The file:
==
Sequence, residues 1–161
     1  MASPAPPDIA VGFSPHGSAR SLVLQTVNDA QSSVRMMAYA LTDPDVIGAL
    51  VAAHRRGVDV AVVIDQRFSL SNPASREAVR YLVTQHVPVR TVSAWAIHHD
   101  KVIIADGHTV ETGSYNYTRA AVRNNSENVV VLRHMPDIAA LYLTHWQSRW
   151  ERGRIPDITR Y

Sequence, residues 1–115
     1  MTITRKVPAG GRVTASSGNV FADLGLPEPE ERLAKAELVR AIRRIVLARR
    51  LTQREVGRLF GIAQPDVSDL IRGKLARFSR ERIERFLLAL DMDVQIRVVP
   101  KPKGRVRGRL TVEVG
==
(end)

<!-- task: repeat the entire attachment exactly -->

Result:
Sequence, residues 1–161
     1  MASPAPPDIA VGFSPHGSAR SLVLQTVNDA QSSVRMMAYA LTDPDVIGAL
    51  VAAHRRGVDV AVVIDQRFSL SNPASREAVR YLVTQHVPVR TVSAWAIHHD
   101  KVIIADGHTV ETGSYNYTRA AVRNNSENVV VLRHMPDIAA LYLTHWQSRW
   151  ERGRIPDITR Y

Sequence, residues 1–115
     1  MTITRKVPAG GRVTASSGNV FADLGLPEPE ERLAKAELVR AIRRIVLARR
    51  LTQREVGRLF GIAQPDVSDL IRGKLARFSR ERIERFLLAL DMDVQIRVVP
   101  KPKGRVRGRL TVEVG